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As an ODI nation, Nepali cricket cannot afford to get laid back

Corona Virus has been catastrophic in every means, economically or socially. As the world is gripped by this pandemic that originated from China, global sports is into its lowest ebb, although competitions have resumed, but only behind closed doors. COVID-19, no doubt, has ripped off the colours that competitive sports offer.

Not only the athletes across the world, sports lovers have also been affected mentally as their life now lacks the excitement received from sports very often. The big nations are gradually finding their feet with restrictions but the smaller nations have been mostly bearing the brunt.

Nepali cricket fans have been at the receiving end as multiple cricketing events, including the all-important ICC Cricket World Cup League 2, are postponed due to the ongoing health crisis. While the global cricketing event ICC T20 World Cup 2020 is closed to getting postponed, the Indian Premier League is mulling every ways to get a go ahead as the Board of Control for Cricket in India cannot afford to lose billions, especially when the sports world is certain to hit by recession. 

With every sector being hit hard by COVID-19, Nepali cricket, currently only dependent on funds it receives through the International Cricket Council, is certain to go through finance crunch resulting in less cricket activities and ultimately impacting on-field performance.

Bilateral ODI Series, now, seems to be a thing from the past

After hosting the USA and Oman in an ODI Tri-Series under their League-2 campaign, the performance at their own back yard had provided Nepal a glimpse of how the road to 2023 World Cup would for them. The ACC Twenty20 Asia Cup Eastern Region Qualifier in Thailand was the next stop in March but from there on cricket has hit a roadblock.

As Nepal were about to finish their disastrous Twenty20 Qualifier in Thailand where they even failed to make top two finish for a berth in the Asian Qualifier, Nepal government’s decision to limit public gathering forced Everest Premier League organisers to indefinitely postpone the country’s biggest Twenty20 league. COVID-19 during that time had begun to hit Europe hard. 

The postponement was a big blow back home as the fans this time were assured of an action-packed tournament involving global cricketing stars – the biggest name being Universe Boss Chris Gayle. The Jamaican would have been the toast of Nepali cricket in quite a while along with compatriots Kesrick Williams, Dwayne Smith with Kiwi Corey Anderson topping the Caribbean flavor.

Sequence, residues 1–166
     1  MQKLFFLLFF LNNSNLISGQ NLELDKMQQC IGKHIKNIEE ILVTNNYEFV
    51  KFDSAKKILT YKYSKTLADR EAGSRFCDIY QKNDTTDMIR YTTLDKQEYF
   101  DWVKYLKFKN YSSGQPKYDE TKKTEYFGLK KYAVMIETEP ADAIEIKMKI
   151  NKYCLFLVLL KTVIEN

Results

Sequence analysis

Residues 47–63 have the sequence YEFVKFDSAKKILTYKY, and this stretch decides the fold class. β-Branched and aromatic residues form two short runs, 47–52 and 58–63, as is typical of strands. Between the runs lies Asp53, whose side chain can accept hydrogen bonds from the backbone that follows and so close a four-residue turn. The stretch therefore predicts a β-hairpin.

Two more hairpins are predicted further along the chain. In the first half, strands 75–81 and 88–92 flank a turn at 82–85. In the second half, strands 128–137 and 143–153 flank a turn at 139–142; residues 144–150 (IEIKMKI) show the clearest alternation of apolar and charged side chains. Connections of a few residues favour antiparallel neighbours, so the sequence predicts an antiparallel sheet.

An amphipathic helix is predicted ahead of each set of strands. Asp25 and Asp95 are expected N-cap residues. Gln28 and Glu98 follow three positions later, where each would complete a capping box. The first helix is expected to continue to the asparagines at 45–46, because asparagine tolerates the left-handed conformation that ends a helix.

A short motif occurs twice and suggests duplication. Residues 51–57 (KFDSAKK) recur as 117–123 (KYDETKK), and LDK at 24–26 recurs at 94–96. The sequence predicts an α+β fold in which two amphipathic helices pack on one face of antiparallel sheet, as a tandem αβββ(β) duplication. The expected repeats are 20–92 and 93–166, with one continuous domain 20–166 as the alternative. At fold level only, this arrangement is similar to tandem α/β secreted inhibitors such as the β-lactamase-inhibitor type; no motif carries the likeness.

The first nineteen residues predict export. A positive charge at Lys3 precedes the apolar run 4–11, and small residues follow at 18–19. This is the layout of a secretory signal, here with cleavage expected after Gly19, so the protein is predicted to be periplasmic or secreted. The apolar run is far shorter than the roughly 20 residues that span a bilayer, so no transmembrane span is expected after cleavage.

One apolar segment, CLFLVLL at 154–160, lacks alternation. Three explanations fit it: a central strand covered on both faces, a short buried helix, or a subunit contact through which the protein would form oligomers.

But it all ended up as if nothing was planned upon. The unexpected world development not only ruined the grandest and biggest Twenty20 event of Nepal but also jeopardized a scheduled participation in League 2. Had there been no COVID-19 catastrophe, Nepal this year were scheduled to complete 16 One Day Internationals in League 2 that would have begun with a tour of Namibia in April.

Now, not even the governing body of world cricket has the slimmest idea of how League 2 is going to pan out once it resumes.

Let alone the international competitions, the pandemic has swept away three months of calendar as claimed by a revived Cricket Association of Nepal (CAN). With a host of strict health protocols yet to come into effect, the cricket governing body might have to go through big challenges to get the game going at home.

What next?

Having watched England host the West Indies under strict health protocols, cricketing nations across the world now have the idea what the new normal is going to be if competitive cricket is to begin at the earliest. As many nations are busy in tackling the pandemic and are running out of cash reserves, economy of the powerful countries too is crashing. As international cricket is largely dependent on fixtures involving India, England or Australia in receiving fund, the financial crunch has begun to hit hard.

The first and foremost, cricketers should be assembled for training

CAN now requires to act wisely in order to lift Nepali cricket from gloom. While the safety of domestic players is paramount, CAN cannot afford to lace their hands without providing them exposures at home. The organization of domestic tournaments will enable the cricketers to stretch themselves before any international participation.

The domestic tournaments should be conducted implement strict social distancing rules. The cricketers, to their part, would require an ultra-disciplined approach to make sure they don’t give in while taking on big teams in near future. But the first move needs to come from the government itself. With lock down restrictions easing, the government should give nod to the cricket governing body to at least assemble cricketers to being their training as soon as possible. Nepal is now a One Day International nation and the country’s cricket is not in the position to get laid back for too long.

BY ANURAG SUBEDI

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